Thursday, December 20, 2012

We All Float Down Here

Thanks to the snowpocalypse, I have time to write that article about free-floating my AR. I didn't get pictures, as I had promised, but that's for the best since my experience was awful and not representative of how this project will go down for most of you.

First, a video from MidwayUSA. It doesn't show everything, but it is close enough:

There are a few things you MUST have before you do this. For the Hogue tube specifically, you will need a strap wrench because most armorer's wrenches won't be able to reach the gas tube holes, which are in the rear of the barrel nut on this assembly. Second, for ANY work like this, you should have an armorer's block. Mine is a simple piece of machined delrin (plastic). Many of the more complex multi-rail, heat-seeking, quadruple flux capacitor models require a specific torque figure, which will require a very expensive torque wrench, so although this is a fairly straightforward procedure, it might make more sense to buy the parts and have a gunsmith fit it so you don't have to buy all the tools.

And on to some pictures of the finished product:

With the Vortex Strikefire, it even looks a little 3-gun-ish.

There's a gap I'm not wild about, but I'm not hung up on looks.

There are the oddly placed gas tube holes. No such holes exist in the front of the nut, so your average free float wrench won't work.

Although I built this AR with the intent of it being a basic off-the-rack gun, I am now trying to build it into more of a cross between a rugged combat piece, and a polished 3-gun rig. I want my rifle to be good at everything, so here's a list of things to come.

First, next summer (provided the world doesn't end tomorrow) I will invest in a Vortex PST 1-4x30mm scope with 2/10mil adjustments. This piece has a ton of good reviews, and my personal experience with Vortex has been great. The Strikefire may not be the best red dot out there, but it is head and shoulders above ANYTHING under $350. I will probably go with a one-piece mount like a Burris PEPR or something similarly priced.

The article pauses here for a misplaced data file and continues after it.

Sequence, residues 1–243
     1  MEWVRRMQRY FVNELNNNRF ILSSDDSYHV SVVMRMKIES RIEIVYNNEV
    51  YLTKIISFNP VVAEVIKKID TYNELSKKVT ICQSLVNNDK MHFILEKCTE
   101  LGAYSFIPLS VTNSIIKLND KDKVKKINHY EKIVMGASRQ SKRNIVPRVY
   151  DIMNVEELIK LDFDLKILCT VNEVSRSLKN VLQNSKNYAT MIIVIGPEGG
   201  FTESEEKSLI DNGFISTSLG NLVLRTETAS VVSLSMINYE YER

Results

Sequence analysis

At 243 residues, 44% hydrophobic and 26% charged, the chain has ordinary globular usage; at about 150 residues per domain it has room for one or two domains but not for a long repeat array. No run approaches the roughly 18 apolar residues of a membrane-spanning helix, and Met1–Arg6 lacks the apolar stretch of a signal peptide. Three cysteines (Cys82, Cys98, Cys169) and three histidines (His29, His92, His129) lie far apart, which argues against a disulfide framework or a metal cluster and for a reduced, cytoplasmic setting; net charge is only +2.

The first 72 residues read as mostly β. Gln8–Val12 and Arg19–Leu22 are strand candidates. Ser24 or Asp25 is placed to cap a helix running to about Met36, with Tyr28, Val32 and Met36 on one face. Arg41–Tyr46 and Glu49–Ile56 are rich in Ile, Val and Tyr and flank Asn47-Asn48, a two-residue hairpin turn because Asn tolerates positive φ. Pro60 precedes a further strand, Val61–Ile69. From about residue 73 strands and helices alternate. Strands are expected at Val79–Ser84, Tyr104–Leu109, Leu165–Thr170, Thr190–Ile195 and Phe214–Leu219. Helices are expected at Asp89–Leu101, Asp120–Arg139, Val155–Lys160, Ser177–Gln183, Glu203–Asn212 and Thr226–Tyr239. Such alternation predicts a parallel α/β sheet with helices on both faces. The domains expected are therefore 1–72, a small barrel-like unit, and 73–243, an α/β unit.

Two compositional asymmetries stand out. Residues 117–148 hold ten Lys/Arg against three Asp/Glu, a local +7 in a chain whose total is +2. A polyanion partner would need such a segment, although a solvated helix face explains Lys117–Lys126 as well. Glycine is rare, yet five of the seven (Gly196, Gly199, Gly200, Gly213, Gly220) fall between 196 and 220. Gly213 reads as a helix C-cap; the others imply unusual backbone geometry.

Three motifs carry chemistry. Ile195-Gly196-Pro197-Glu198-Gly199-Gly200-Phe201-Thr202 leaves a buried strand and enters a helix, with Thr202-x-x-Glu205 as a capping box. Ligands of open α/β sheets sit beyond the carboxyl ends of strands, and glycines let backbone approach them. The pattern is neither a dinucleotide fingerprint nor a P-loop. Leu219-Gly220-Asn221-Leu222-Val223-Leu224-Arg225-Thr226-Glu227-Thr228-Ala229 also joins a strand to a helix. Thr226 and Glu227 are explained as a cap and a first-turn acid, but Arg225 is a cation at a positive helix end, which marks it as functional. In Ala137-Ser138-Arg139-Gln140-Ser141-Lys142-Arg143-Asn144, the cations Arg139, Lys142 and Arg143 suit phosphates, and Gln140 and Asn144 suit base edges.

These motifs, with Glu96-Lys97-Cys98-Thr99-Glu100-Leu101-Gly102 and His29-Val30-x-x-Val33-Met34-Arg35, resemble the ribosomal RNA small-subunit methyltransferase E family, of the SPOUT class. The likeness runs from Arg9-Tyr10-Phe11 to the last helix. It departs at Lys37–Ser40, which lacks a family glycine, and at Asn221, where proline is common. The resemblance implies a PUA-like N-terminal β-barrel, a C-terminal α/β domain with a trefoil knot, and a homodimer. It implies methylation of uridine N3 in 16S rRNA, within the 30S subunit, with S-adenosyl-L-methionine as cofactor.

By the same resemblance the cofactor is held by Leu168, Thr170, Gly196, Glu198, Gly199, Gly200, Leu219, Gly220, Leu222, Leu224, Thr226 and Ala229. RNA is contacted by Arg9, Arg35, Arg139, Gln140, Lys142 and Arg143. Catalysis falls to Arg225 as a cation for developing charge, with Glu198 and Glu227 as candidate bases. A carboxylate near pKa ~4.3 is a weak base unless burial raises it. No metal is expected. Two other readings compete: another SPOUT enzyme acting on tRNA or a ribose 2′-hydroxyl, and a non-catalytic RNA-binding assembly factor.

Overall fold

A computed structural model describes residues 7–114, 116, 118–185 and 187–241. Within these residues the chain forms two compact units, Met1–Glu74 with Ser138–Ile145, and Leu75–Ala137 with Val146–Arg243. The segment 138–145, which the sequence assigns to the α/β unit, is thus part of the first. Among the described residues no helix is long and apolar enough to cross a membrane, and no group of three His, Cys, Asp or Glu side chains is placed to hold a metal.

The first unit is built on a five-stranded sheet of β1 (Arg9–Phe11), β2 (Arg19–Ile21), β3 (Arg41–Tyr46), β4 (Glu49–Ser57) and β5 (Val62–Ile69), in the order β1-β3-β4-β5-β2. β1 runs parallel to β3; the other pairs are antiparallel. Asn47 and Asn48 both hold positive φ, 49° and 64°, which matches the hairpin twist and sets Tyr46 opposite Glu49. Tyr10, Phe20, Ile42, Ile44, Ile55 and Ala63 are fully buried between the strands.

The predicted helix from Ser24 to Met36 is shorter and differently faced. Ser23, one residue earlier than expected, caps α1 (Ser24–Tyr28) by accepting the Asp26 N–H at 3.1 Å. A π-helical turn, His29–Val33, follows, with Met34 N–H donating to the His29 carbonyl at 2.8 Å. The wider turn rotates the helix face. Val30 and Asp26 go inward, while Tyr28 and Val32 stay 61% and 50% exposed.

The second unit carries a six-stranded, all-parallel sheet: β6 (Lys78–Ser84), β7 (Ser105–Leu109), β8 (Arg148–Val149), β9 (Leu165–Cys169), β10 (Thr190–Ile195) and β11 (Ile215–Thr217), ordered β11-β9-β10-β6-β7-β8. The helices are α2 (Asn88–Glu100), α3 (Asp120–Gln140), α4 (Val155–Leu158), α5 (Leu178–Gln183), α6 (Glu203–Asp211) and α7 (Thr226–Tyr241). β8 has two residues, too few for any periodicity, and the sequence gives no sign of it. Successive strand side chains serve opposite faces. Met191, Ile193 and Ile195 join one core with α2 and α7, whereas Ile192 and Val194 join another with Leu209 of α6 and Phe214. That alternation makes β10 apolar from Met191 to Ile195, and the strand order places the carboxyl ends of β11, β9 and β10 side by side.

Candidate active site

To finish it off, I'm going with a Geiselle trigger, and I'm not exactly sure which one yet. I'm torn between the Super Dynamic Enhanced and the SSA-E. A good trigger makes your job SO much easier. I am still of the mind that the glass makes more difference than the trigger, but a good trigger will take a lot of pressure off the shooter.

I haven't done a test-fire yet, and probably won't until the 29th thanks to the snowpocalypse, so I don't know yet if the surgery was successful. More updates to come, and probably lots of pictures of holes in paper once the extras are fitted.


James said...

You might see if Michael can get you a G2S trigger. Geissele only sells those to MFGers. It's sort of a cost-reduced version of the SSA.

James said...

Also, if you're set on the SSA-E you may want to buy early. Price is going up on 2013.

The Flatland Gun Nut said...

I probably won't make any further mods until well into summer. The snowpocalypse has encouraged me to start saving for another Subaru. Hopefully I can get my bike sold for what I want and I will have some extra money that can go to fun stuff.